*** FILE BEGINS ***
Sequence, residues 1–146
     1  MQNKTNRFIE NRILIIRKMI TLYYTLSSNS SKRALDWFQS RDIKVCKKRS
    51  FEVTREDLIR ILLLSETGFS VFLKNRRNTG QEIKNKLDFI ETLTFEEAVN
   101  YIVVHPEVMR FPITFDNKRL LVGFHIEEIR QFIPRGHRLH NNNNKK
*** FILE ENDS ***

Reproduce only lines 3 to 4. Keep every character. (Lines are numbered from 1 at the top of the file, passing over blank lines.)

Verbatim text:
    51  FEVTREDLIR ILLLSETGFS VFLKNRRNTG QEIKNKLDFI ETLTFEEAVN
   101  YIVVHPEVMR FPITFDNKRL LVGFHIEEIR QFIPRGHRLH NNNNKK